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Over almost a decade, the City of East Lansing (City) has been engaging with residents, researching best practices, talking with other communities and partnering with experts in the field concerning deer management and deer populations in the City. In addition to holding Community Deer Management meetings for resident education and input, the City has surveyed residents, partnered with several agencies (MSU, MDNR and USDA Wildlife Services), tracked deer-vehicle accidents in the City, passed a deer feeding ban, tracked estimated population volumes, tracked incidents of disease (including Lyme disease and Chronic Wasting disease) and maintained a Deer Management Webpage that provides residents with education, history and opportunity to provide feedback. With a current average of more than 40 deer-vehicle accidents per year within the City, the deer population in East Lansing continues to grow, increasing deer-human conflicts. After many years of consideration, the East Lansing City Councilmembers serving in early 2020 weighed public input and ultimately acted at their February 11, 2020 City Council meeting to reduce the deer population in the City by professional lethal removal. For more detailed history, education and resident resources, visit https://www.cityofeastlansing.com/231/Deer-Management.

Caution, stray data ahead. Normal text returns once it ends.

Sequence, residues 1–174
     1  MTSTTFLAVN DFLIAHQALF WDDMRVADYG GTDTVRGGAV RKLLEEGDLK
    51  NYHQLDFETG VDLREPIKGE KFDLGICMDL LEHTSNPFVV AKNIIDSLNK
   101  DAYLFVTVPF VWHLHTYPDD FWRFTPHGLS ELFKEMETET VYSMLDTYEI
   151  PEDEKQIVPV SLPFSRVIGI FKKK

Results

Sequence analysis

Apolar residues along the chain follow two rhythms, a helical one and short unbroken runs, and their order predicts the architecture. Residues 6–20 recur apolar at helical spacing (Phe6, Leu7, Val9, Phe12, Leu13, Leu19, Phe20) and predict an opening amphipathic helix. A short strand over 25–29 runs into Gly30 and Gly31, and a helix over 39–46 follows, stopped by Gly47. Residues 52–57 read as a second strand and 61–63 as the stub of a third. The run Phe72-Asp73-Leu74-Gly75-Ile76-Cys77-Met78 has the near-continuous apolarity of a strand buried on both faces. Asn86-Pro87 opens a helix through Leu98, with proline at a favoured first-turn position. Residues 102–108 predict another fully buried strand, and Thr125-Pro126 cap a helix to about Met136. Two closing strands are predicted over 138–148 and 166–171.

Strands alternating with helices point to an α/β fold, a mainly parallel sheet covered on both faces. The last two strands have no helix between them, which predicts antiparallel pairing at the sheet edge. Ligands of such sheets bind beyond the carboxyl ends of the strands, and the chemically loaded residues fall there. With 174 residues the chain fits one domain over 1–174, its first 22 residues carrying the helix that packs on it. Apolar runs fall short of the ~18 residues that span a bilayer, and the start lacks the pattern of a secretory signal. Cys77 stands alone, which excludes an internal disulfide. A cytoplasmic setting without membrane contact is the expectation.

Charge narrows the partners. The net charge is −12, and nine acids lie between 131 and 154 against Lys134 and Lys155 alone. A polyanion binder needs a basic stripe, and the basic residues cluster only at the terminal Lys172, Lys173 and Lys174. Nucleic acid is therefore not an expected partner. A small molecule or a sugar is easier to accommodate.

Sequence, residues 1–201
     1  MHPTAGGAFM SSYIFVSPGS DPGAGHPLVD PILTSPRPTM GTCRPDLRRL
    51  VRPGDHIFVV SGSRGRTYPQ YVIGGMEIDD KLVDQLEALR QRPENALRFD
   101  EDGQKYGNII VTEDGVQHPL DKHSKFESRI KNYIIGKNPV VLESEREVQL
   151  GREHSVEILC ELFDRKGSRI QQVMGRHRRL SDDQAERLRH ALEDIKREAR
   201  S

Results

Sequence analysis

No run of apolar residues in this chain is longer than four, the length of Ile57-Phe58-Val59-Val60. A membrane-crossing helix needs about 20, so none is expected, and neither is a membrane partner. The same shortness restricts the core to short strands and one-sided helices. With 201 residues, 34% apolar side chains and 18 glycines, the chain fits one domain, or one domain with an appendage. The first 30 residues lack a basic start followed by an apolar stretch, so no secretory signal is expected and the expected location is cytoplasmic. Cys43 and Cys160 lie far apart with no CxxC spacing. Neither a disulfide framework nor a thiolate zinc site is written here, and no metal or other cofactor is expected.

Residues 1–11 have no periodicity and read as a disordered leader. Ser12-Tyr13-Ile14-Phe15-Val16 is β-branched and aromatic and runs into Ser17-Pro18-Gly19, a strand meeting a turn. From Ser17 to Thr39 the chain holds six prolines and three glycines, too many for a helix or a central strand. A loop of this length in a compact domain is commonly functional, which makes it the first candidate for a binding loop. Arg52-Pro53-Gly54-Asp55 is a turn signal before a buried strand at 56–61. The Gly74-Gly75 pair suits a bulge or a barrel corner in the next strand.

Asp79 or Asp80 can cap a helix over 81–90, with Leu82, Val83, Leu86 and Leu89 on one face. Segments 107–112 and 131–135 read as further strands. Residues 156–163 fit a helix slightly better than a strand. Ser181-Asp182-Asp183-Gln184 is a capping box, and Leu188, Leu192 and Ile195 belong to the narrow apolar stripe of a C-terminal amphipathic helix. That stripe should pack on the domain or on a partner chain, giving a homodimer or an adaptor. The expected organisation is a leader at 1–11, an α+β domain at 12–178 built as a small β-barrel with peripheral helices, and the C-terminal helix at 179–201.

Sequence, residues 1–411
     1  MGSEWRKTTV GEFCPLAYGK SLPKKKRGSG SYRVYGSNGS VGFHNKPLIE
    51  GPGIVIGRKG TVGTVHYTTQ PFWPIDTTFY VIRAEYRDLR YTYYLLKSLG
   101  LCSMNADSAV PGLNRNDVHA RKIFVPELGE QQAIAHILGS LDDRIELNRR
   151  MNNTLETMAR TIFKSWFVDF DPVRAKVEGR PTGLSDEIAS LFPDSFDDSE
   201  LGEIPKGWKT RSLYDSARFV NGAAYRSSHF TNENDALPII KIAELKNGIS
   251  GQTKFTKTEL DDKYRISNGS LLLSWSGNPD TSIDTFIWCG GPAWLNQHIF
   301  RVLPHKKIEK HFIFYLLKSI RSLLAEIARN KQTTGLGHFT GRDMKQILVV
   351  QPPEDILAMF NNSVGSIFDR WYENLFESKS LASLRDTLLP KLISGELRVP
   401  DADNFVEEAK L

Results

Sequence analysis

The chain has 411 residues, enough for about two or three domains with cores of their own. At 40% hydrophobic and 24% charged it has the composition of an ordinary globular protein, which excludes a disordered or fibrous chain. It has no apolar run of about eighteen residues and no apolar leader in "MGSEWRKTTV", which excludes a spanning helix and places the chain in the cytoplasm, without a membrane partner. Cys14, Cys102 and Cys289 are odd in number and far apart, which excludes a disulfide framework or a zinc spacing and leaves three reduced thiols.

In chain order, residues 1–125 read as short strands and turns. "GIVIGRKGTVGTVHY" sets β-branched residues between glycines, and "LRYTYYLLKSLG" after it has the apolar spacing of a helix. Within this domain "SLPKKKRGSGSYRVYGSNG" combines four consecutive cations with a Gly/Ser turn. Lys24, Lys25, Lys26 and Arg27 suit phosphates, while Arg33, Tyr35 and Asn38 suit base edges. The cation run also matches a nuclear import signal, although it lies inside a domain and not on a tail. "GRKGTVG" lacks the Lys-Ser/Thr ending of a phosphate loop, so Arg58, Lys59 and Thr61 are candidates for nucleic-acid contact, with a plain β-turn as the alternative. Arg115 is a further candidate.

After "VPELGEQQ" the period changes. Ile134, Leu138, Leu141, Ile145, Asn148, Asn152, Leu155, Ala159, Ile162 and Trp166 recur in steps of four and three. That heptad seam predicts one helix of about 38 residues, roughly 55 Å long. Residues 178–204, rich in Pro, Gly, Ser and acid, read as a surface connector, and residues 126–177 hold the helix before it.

The City has entered into a Cooperative Services Agreement with USDA Wildlife Services to conduct the removal. USDA Wildlife Services biologists highly trained in the use of firearms (guns) will be removing up to 50 deer* this winter from a variety of City parks during intermittent weekday evening/night closures. The firearms being used have noise suppression, but residents near parks may still hear shots.
*Please note that while the City’s initial MDNR permit was for up to 50 deer, an addendum was issued by the MDNR on Jan. 20 revising the permit for up to 70 deer. This change was requested based on the level of deer activity in the parks on the first night of removal.